Britain is a proud country with a proud building tradition – we must not let that die, Rishi

WHERE have all our builders gone?

That’s the question No10 should be grappling with at the moment.

Britain is a proud country with a proud building heritage


Britain is a proud country with a proud building heritagePhoto credit: Getty – Contributor
Rishi Sunak should go out and promote more apprenticeships and artisans


Rishi Sunak should go out and promote more apprenticeships and artisansPhoto credit: Getty

Bricklayers, carpenters, tilers, these are the people who built Britain.

And we have some of the most beautiful buildings in the world, monuments of craftsmanship that have lasted a thousand years and will stand for a thousand years to come.

These landmarks bear witness to our proud building history.

But while we still have these buildings, we’ve lost the art of spawning workers who can create them with their own hands.

Earlier this week, the government announced that it would put bricklayers, carpenters, plasterers, tilers and carpenters on the shortage list.

This means that foreign workers with these skills will find it easier to obtain a visa to live and work here.

UK fails miserably

Britain has failed to produce enough construction workers here at home, so we must look abroad for them.

There is a huge gap in our manpower and ministers are trying to fill it.

It’s a flaw that is all too familiar to many.

If you want to build a new home, do an attic conversion or even renovate your kitchen, you have to reckon with excruciatingly long waiting times and skyrocketing costs.

If you ask why, the answer is always the same – they can’t get the workers, they’re booked for months, etc.

Given this, it is understandable that the government has eased visa requirements.

But nonetheless, it’s a move that should concern us all.

The UK is failing miserably at producing enough builders.

How can we be a country that competes on the world stage if we can’t even train enough people to field an expansion?

Why did we let these proud professions die?

Well, I was never a builder.

But before I went into politics and became an MP, I worked with my hands.

I was a miner at Littleton Colliery in Cannock in Staffordshire.

For six years I worked in the pit, like my father and grandfather before me.

There, the heat was allowed to rise as I snaked my way through the deep tunnels, cutting away the coal, which was then loaded onto a conveyor belt and hauled to the surface.

This coal would then be used to fuel the power plants that produced the energy to heat our homes and keep the wheels of industry turning.

Like the bricklayer, the plasterer and the roofer, I played my part in building Britain.

Now Britain needs to build again.

how can we do that

Well, first of all we have to massively increase the number of training places in these trades.

For too long the establishment has taunted builders and craftsmen.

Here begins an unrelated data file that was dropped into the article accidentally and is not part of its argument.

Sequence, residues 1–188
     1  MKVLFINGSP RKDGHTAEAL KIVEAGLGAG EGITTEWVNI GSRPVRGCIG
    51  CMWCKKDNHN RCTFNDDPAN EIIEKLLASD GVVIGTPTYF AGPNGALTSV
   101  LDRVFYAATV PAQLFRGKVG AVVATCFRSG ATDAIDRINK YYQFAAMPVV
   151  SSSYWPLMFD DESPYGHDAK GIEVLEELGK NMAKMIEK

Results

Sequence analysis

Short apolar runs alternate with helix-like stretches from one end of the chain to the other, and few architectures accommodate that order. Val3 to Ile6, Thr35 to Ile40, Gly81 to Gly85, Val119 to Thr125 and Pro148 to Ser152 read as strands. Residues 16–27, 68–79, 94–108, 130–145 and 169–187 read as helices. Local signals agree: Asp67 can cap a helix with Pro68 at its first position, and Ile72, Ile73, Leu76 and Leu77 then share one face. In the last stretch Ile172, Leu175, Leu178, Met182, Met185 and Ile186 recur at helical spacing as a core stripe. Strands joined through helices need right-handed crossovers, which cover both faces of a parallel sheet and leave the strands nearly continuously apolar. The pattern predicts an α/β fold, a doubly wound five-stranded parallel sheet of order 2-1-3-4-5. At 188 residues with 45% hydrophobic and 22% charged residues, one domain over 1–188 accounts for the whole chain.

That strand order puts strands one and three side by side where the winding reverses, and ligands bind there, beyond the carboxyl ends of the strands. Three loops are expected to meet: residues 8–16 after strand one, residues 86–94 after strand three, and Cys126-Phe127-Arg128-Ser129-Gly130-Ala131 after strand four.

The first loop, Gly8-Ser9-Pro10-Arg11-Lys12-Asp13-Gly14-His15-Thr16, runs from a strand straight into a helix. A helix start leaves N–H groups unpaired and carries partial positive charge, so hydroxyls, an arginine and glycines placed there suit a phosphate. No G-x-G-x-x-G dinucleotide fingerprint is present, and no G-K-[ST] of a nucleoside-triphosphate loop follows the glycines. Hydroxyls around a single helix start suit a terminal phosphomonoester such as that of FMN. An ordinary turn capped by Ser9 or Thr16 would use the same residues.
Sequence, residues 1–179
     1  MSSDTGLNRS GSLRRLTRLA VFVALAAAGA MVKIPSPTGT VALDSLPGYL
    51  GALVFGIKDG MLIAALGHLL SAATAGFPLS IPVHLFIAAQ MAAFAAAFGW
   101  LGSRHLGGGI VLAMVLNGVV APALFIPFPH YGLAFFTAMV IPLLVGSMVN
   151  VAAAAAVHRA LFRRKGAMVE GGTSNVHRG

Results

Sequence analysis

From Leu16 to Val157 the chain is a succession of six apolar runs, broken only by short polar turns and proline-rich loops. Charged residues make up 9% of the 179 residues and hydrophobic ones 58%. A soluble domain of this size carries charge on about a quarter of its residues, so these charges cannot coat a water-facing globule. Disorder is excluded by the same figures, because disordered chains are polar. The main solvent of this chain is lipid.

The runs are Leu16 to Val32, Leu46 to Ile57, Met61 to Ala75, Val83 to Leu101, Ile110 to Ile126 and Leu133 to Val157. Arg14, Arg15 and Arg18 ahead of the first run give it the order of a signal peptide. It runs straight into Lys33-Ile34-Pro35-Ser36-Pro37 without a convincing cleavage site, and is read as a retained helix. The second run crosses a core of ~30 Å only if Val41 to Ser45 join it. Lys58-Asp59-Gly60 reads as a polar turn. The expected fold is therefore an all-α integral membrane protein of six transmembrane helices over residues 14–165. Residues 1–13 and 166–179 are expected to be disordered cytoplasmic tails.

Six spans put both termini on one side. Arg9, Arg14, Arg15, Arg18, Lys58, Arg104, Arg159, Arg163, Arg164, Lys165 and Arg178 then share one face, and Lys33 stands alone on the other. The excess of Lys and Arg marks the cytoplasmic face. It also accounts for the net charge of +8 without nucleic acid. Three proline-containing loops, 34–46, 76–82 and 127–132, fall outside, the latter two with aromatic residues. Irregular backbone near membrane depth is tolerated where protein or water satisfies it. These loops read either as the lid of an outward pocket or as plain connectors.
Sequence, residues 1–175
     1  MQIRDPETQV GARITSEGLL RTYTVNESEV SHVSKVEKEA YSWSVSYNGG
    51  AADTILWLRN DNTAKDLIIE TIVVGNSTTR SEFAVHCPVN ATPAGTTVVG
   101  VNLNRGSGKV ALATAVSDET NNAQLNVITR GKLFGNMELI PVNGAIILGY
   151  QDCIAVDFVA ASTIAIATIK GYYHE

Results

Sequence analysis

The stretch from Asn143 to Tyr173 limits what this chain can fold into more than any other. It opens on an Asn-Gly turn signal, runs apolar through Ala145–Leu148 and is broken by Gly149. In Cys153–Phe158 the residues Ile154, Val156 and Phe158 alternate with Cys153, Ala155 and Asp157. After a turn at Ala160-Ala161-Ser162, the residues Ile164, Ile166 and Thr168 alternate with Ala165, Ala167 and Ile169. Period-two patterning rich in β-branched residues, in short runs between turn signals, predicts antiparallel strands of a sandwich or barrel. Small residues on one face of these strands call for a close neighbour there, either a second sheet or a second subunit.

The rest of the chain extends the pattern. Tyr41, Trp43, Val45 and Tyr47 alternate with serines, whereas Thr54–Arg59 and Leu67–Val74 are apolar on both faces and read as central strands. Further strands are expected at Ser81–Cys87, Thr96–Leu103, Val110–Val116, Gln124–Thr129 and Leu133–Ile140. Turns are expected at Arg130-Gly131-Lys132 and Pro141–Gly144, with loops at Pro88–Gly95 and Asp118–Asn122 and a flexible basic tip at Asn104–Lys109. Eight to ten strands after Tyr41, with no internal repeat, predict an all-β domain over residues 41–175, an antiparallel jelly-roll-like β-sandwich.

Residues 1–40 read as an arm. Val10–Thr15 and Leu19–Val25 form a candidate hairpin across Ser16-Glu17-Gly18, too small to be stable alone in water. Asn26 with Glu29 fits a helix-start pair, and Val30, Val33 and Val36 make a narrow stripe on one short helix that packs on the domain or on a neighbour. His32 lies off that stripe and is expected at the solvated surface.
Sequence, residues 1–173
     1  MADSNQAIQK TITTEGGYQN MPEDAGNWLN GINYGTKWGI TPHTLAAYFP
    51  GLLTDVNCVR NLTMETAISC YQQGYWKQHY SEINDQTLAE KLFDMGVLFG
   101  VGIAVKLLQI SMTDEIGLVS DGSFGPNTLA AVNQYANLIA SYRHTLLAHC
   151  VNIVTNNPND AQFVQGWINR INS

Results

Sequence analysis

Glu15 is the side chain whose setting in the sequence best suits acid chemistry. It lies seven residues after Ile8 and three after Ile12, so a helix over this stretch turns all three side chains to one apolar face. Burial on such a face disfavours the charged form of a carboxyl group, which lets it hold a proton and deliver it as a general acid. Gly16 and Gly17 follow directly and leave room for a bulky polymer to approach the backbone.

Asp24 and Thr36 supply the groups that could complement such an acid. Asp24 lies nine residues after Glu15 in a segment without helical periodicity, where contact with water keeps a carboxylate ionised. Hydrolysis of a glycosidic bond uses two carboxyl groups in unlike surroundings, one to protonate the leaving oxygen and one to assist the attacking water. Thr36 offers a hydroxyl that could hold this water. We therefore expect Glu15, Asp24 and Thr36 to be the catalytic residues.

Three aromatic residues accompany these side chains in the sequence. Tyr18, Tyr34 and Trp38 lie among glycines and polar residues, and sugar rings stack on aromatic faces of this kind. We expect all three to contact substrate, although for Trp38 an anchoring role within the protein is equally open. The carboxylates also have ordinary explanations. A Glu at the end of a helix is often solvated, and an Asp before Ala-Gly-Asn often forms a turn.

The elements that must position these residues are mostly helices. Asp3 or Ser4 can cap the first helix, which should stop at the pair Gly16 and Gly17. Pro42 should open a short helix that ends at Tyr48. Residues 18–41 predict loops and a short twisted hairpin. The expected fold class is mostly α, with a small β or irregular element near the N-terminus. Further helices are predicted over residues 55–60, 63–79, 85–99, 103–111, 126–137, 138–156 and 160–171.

The system is skewed to send our children to college rather than to a workshop or construction site.

But this snobbery was a short-sighted mistake.

Today, a skilled craftsman easily earns more than many graduates.

They can work for themselves, giving them more flexibility to choose their own hours and control their own lives while avoiding the mountain of debt that many college students get by with.

And you rarely meet an unemployed plumber or electrician.

Second, schools and colleges should provide adequate and quality professional training.

That means there are decent courses in schools where young people can try out these practical skills.

Colleges and schools should partner with local construction companies and tradespeople to get their students into these high-skill, high-demand jobs.

This is a win-win for businesses, school leavers and the UK economy.

Third, we need to change our attitudes.

Parents want the best for their children, that is right and proper.

For too long, the dream of getting a college education has been just that for most people—just a dream.

Only the privileged went to campus for three years to read books and write essays.

Earn while you learn

That has now changed, and rightly so.

Working class and middle class children brought a battering ram to these closed institutions to become some of our brightest scholars.

But I worry that the pendulum has swung too far in the other direction.

Too many young people are pushed into university not because they want to or because they are passionate about what they study, but because they are.

Her buddies do.

It’s what their teachers tell them is the next step.

But many of them would earn better while learning a trade.

They can pick up the skills the country so desperately needs while having cash in their pockets at the end of the week.

We need to change the mindset of the country so that we’re as proud of our Brickies as we are of our architects.

The decision to look abroad for UK builders should be a wake-up call for this government.

Rishi Sunak should go out and promote more apprenticeships and artisans.

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Britain is a proud country with a proud building tradition.

We can’t let that die. Britain is a proud country with a proud building tradition – we must not let that die, Rishi


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